Earthquake monitors proposed for seafloor near California's Diablo Canyon power plant

San Luis ObispoApril 11, 2012 

The California Coastal Commission today is expected to approve plans by PG&E to place six earthquake activity-monitoring devices on the seafloor off Diablo Canyon nuclear power plant.

Four of the monitors would be on the seafloor for 10 years or more and would be connected to shore with an 11-mile-long cable. Two of the monitors would be in place for four weeks.

The commission is holding its monthly meeting in Ventura today through Friday.

The devices, known as ocean-bottom seismometers, are part of PG&E efforts to learn more about the Hosgri and Shoreline earthquake faults and the potential danger they pose to the nuclear power station. They would be arrayed from the nuclear plant north to Point Buchon.

“The accurate, real-time data to be gathered would be shared with public universities and agencies through the U.S. Geological Survey and would help the scientific community better understand the characteristics of earthquakes in the vicinity of Diablo Canyon nuclear generating station,” the Coastal Commission staff report states.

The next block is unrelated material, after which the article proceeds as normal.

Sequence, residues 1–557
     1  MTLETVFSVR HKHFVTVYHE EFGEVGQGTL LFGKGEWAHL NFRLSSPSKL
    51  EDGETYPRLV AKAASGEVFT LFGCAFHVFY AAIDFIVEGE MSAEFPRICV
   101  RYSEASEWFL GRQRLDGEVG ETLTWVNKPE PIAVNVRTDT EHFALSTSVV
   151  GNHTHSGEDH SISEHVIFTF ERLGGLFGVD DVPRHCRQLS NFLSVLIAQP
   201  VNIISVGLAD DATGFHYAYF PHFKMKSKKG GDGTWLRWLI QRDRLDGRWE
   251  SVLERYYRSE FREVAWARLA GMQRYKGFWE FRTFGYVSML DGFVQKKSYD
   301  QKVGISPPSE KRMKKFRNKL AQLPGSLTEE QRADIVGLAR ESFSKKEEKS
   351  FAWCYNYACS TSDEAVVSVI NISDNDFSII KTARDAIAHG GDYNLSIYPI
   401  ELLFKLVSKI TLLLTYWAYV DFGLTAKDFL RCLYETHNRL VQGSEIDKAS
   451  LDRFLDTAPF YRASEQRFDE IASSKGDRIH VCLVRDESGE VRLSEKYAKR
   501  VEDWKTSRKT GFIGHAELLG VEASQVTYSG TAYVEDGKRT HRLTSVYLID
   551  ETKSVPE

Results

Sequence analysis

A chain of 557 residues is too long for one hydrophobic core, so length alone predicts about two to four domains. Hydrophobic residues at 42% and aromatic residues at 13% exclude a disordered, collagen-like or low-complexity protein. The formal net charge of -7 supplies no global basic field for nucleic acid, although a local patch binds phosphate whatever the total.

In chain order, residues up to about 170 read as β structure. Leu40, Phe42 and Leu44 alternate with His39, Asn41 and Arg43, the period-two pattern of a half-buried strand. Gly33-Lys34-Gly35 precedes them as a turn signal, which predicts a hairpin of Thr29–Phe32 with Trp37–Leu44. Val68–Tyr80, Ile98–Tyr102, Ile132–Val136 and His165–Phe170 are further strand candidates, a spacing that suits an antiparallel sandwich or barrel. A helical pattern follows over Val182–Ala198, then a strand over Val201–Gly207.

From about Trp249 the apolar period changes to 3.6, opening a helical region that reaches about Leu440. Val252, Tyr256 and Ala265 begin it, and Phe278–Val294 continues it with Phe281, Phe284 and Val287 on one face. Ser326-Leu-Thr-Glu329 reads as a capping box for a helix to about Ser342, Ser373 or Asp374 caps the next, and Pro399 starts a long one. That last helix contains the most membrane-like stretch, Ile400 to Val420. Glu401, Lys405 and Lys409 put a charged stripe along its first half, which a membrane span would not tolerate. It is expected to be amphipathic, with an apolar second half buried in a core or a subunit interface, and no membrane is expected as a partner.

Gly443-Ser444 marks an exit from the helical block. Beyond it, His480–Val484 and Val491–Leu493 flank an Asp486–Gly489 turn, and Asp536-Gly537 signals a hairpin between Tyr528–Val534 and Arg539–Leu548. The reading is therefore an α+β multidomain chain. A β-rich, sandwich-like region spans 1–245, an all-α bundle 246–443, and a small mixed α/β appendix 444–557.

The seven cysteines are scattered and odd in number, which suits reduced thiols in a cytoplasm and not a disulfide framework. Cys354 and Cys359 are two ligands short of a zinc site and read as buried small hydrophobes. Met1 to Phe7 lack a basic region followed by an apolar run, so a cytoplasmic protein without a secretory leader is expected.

The monitors would be placed on both sides of the Hosgri Fault, the area’s major seismic feature. They would record any earthquake activity along the fault, said Jearl Strickland, director of nuclear projects at Diablo Canyon.

Although the permit would be limited to 10 years, PG&E could apply to extend the project if the monitors are generating useful data, Strickland said. The project also needs the approval of the State Lands Commission, the U.S. Army Corps of Engineers and the state Department of Fish and Game.

Coastal Commission staff has identified two potential environmental impacts of the project: damage to the ocean floor and commercial fishing. The long-term presence of the cable could damage bottom-dwelling organisms.

Commercial fishing gear could also become entangled on the monitoring units. To compensate for that, PG&E has offered to contribute $33,600 to the California Lost Fishing Gear Recovery Project.

Read more at the sanluisobispo.com

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